If you sew using PDF patterns, chances are you’ve debated whether to just print and cut or trace your size. And if you do trace, what do you use?! What is the easiest to use, the most affordable, what’s the BEST?
I prefer to print once and then trace. I must admit printing and taping is my least favorite part, so I do it as little as possible. Rachel will sometimes print and cut, mostly I think because her time is limited and if you don’t trace your size you are ready to sew more quickly. She’s also tends to just cut when doing tests for designers, since the final pattern will likely change.
Here are a handful of options for tracing patterns we’ve used and liked. Feel free to share in the comments if you have a favorite we’ve missed!
Swedish Tracing Paper
Swedish tracing paper is available through Amazon and will cost you $14 for a 10 yard roll. It is 29 inches wide.
This is fabric-like and sticks nicely to your fabric so cutting is easier. Because it has a little bit more of a fabric feel it is less likely to rip or tear on accident, and the cutting lines are pretty clean. You also can sew on it, so you could make a muslin out of it. Though I’m going to say if drape is important I don’t know that this would really be my choice for a muslin. It is transparent enough to make tracing relatively simple.
There is no grid so you can’t line up grain lines if you like to do that. This is currently one of Rachel’s favorites, though she primarily uses it for patterns that she knows are going to be used frequently or she knows she’ll be using long term, like women’s patterns.
If you do like to line up grain lines and stretch lines, Joann Fabrics sells a pellon with grid, also called quilter’s grid. You can also purchase this on-line. It runs about $3.60 yd, or you can buy a full bolt from places like fabric.com or overstock.com. Prices vary quite a bit so do some research if this is the way you decide to go. Pellon also has more of a fabric feel, though it is not quite as thick as Swedish tracing paper.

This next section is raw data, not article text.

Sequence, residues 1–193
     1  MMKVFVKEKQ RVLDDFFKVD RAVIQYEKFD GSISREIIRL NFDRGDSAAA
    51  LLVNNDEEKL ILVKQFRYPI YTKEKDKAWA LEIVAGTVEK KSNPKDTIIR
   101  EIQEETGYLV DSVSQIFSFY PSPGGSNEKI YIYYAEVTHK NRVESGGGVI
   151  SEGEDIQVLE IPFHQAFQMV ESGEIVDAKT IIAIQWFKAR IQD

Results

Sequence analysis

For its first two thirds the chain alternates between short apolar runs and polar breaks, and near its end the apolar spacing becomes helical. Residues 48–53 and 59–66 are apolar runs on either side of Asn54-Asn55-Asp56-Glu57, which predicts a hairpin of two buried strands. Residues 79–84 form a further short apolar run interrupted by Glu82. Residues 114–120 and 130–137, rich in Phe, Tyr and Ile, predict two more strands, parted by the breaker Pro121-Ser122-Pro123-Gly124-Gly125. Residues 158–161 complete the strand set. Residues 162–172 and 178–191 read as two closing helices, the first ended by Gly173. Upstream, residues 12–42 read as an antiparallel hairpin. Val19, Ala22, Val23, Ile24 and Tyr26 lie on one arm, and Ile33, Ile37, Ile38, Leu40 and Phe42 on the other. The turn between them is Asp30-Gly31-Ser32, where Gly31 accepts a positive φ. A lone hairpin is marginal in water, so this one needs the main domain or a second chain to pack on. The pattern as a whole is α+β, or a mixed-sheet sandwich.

Freezer paper can be one of the least expensive options. It comes in a 150 square foot roll for less than $6 and can be purchased at a big box store or any local grocery store. I’ve seen some confusion on this one. The box will actually say Freezer paper on it. You are not looking for parchment paper, etc.
Freezer paper is glossy on one side and matte on the other. The big benefit of freezer paper is you can iron it directly on to your fabric. Place it glossy side down and iron, no pins needed. It will peel up leaving no residue behind. I don’t usually iron mine, but I’ve read you can use pieces 3-4 times before they start to loose their stick.
It’s a little thicker so I’ve found it helps to have either more light or darker lines when tracing.
Kid’s Craft Paper
Rachel is a stone’s throw from an IKEA, and she has found a great cheap tracing paper source there! In the kid’s area of IKEA they sell rolls of manilla paper sized to go into their art easels. The roll is $5 and contains 98′ of paper.
It doesn’t come with any bells and whistles, and since it’s kid’s craft paper it is a little bit more prone to rip, but for sizes you may go through quickly or will sew limited times, it works!
Exam Table Paper Rolls
We haven’t tried this one, but if you had a good source I have heard it is a wonderful resource. The paper is wide and comes in fairly large rolls. Again you’re dealing in light paper so the rip factor would be higher, but for the cost probably worth it. You may have to be ready to buy in bulk.
Make it work….
Of course in a pinch you can always use the tissue paper left over from last Christmas. I have been known to scrounge through gift boxes until I found enough to trace a pattern.
Any of these options will work great. What we have found that helps greatly is if you have access to a large window. You can then tape your pattern right to the window. It makes matching up the pages and tracing much easier, no trimming needed. Rachel has large windows on her porch that I wish I could transport to my house, but I have found that working in a well lit room works pretty well. Do you have any special tricks that you have found to make working with PDF patterns easier?
Donna and Rachel